SCOTTISH island residents are calling for an overhaul of CalMac’s ticketing system as locals say it is too hard to get aboard ferries in peak tourist season.

Community groups from the islands of Mull, Iona and Arran have been increasingly vocal in their criticism of CalMac’s “first-come-first-served” ticket sales, which they say is prejudiced against islanders.

According to the Mull and Iona Ferry Committee (MIFC), the current system favours those who can plan their journeys the furthest in advance for getting spaces, who are usually tourists planning holidays weeks and months before their trip. This leaves islanders finding it difficult to “plan every shopping trip or family visit so far ahead of time.”

And surveys published by community groups have shown overwhelming support for a change to the status quo.

Joe Reade, chair of MIFC, said: “Islanders find themselves trapped during the summer months, unable to get a vehicle ticket because they’ve all been sold to tourists. This prejudicial system is no longer acceptable.

"We are treated as second-class passengers on our own lifeline service. Often the trips with shortest notice are the most important – hospital visits, funerals and livestock movements for example.

“All too often islanders can’t make those essential trips because the ferry is full of motorhomes and holidaymakers.”

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MIFC worked together with Arran Ferry Action Group (AFAG) to poll their communities on an alternative system that they say would be much fairer. 

It is modelled on a system used on the Danish island of Samso. Like Mull and Arran, Samso is a popular tourist destination where, if unchecked, tourist demand could prevent islanders from accessing the ferry when they need to.

The Samso ferry company operates two booking lists – one for islanders, and one for everyone else.

The response from Mull, Iona and Arran communities was overwhelmingly positive. Approximately 30% of the adult population on each island took part in the surveys, and 95 – 96% supported the proposal.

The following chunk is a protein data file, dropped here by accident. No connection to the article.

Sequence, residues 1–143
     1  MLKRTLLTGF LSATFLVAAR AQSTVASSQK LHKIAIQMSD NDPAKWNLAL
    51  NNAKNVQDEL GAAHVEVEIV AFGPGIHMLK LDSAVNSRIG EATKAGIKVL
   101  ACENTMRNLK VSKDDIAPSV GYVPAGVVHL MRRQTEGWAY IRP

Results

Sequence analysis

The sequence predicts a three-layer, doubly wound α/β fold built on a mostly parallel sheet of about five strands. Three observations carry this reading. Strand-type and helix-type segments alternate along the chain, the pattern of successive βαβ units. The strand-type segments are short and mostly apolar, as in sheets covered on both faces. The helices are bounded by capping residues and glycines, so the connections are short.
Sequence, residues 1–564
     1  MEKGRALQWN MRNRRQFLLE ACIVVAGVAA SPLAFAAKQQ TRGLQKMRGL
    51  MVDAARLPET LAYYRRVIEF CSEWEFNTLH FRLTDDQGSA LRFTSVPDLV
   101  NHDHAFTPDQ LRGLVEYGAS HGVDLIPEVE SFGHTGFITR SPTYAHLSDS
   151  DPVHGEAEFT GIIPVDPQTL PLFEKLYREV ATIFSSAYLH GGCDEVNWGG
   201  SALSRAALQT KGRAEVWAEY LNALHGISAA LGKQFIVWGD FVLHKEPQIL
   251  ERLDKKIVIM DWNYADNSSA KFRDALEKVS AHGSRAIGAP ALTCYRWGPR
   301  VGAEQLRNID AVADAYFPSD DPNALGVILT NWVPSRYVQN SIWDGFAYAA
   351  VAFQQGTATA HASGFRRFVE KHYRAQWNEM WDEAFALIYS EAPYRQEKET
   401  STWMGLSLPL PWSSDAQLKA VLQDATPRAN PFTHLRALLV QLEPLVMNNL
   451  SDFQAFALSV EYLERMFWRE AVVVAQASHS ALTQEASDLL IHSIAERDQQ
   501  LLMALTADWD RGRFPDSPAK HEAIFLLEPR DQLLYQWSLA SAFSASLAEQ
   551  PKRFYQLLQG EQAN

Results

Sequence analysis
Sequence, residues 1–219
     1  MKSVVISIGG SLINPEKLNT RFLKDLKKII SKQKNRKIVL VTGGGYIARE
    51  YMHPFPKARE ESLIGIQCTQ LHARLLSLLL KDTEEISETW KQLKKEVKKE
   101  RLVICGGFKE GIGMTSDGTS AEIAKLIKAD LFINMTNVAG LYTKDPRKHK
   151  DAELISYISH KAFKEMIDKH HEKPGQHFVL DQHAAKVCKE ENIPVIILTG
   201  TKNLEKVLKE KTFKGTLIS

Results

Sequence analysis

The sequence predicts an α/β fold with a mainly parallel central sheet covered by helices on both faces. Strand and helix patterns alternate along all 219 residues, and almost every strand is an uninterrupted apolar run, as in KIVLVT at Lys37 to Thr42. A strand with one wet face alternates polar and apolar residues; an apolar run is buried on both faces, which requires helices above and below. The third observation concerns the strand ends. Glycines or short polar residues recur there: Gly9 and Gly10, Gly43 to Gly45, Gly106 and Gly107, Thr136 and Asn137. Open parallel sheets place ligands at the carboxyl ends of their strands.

Other Hebridean islands have expressed interest and support for the proposal, including the small island of Coll, where a similar survey of more than 50% of households found 96% support for the idea.

The surveys revealed numerous individual impacts of the current system. They include people who could not attend funerals, had medical trips disrupted or made more expensive, family trips cancelled and business disrupted.

Several commenters suggest the issue is so impactful they are contemplating leaving their island.

Only around 2% of respondents reported being able to get their first choice of vehicle booking every time, and more than 40% said they were able to travel when they needed to “only rarely”.

As the current system is prescribed by the Scottish Government, any changes would be the prerogative of Transport Scotland.

Transport Minister Jenny Gilruth recently met with stakeholders to hear their concerns.

“We had a very constructive meeting with Jenny Gilruth, the Transport Minister, just a couple of weeks ago,” said Moray Finch of Mull & Iona Community Trust, also a member of the islands’ ferry committee.

“She recognised the difficulties created by the current booking system and listened to our arguments. The Minister is now in receipt of our report, and we look forward to government action on this critical island issue”

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A Transport Scotland spokesperson said: “We understand the impact of capacity constraints on islanders and appreciate the suggestion of some level of prioritisation. There are, however, differing views on the way to achieve this and we are mindful of wider implications for island businesses by restricting the availability of tickets for freight and tourists.

“It is clear that we need a ferry service that meets the needs of island communities. CalMac Ferries Limited and Transport Scotland are looking at potential short-term measures that could be introduced to help alleviate the current capacity challenges.  An example of this is the change to motorhome fares and standby arrangements, which were key requests from the Mull & Iona Ferry Committee. We remain committed to continue to working with stakeholders on these issues.”